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Hepatitis B Vaccination Efforts in Africa Are Flagging

Article

Vaccinations at birth are particularly low, according to a report in Morbidity and Mortality Weekly Report. Models suggest that more than 500,000 hepatitis B-related deaths would be averted if some key vaccination goals were met.

© pingebat  stock.adobe.com

© pingebat stock.adobe.com

African countries are lagging behind hepatitis B vaccination goals that would eliminate mother-to-child transmission and in the process go a long ways toward reducing chronic hepatitis B tranmission, according to a report today in the Centers for Disease Control and Prevention’s Morbidity and Mortality Weekly Report (MMWR). The authors attribute some of the shortfall to disruption of the COVID-19 pandemic.

Hepatitis B disproportionately affects the 47 countries in the World Health Organization’s African region, the report notes. In 2019, approximately 1.5 people were affected by new chronic hepatitis B infections worldwide and about 990,000, or two-thirds, were in the 47 countries in the organization’s African region, which encompasses sub-Saharan Africa.

The World Health Organization (WHO) recommends that all newborns receive a dose of hepatitis B vaccine within 24 hours of birth, which is referred to as the “birth dose,” and then two to three does during the first year of life.

Lead author Hyacinte J. Kabore, D.D.S., of the Vaccine-Preventable Disease Unit of the World Health Organization’s regional office for Africa in Brazzaville, Republic of the Congo, and colleagues reported that in 20 (43%) of the countries in the WHO’s African region had hepatitis vaccination efforts in 2018 that resultedin 90% or more infants receiving three doses of the hepatitis B vaccine. By 2021, that number had slipped to 16, or 34% of countries in the African region.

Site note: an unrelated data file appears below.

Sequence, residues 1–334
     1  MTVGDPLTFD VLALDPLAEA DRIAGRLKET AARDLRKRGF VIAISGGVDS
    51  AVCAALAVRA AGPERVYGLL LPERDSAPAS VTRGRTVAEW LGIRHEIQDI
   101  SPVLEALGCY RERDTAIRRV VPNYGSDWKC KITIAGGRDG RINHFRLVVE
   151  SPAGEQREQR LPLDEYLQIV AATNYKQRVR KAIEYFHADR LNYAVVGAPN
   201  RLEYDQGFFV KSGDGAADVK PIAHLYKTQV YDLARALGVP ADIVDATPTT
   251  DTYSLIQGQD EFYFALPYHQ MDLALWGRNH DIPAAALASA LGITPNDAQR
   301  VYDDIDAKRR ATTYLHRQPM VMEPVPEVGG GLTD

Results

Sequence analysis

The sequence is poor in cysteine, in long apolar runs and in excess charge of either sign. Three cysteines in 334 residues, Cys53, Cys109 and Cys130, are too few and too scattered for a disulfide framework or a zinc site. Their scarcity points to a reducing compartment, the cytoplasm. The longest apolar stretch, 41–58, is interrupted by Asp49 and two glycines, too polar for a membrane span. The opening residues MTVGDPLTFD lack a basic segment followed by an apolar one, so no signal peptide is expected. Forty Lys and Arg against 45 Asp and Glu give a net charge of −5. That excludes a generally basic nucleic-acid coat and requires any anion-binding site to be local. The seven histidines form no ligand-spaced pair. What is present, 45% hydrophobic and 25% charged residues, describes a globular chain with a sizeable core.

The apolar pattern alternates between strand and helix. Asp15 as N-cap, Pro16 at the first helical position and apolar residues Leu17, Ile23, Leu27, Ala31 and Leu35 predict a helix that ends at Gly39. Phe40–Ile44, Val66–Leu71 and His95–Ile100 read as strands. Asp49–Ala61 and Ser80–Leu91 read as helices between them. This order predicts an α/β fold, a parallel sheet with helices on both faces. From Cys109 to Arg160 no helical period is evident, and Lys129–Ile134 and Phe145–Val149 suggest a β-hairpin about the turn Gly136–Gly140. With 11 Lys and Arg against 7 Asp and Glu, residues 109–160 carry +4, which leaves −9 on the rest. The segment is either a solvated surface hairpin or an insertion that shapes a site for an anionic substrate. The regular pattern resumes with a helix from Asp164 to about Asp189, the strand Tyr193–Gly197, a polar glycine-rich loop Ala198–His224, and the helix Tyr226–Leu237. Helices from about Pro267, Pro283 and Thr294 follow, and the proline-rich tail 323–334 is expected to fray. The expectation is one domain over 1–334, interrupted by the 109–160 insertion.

The numbers for vaccination at birth are quite a bit lower. according to the report. Just 14 (30%) of the countries in the African region had introduced programs to administer a birth dose of hepatitis B vaccine, and only two (they weren’t named) had achieved coverage of 90% or greater. The authors’ calculations show that almost 33 million newborns in the African region did not receive timely birth doses of the hepatitis B vaccine in 2021. Kabore and colleagues say that predictive modeling shows that maintaining current infant vaccination and increasing birth dosing to 90% or greater in all countries in the African region would avert 554,318 hepatitis B-related death among those in the 2020-2030 birth cohort.

Seroprevlance surveys of young children have been done in eight (17%) of the countries in the African region, according to Kabore and colleagues. They have shown a range, from 0.7% in Mauritania to 4.5% in Nigeria. The known figures have been modeled and suggest that the seroprevalence is 2.5% in the African region among children ages 5 and younger, which works out to be about 43 million infected children, or almost 70% of infected children worldwide.

Kabore and colleagues report that Burkina Faso and Uganda made birth doses of hepatitis B part of their immunization schedules last year and 13 more plans to do so by 2025. But to reach the goal of 35 countries by 2025 would require six to seven countries to introduce hepatitis B birth doses each year, they noted.

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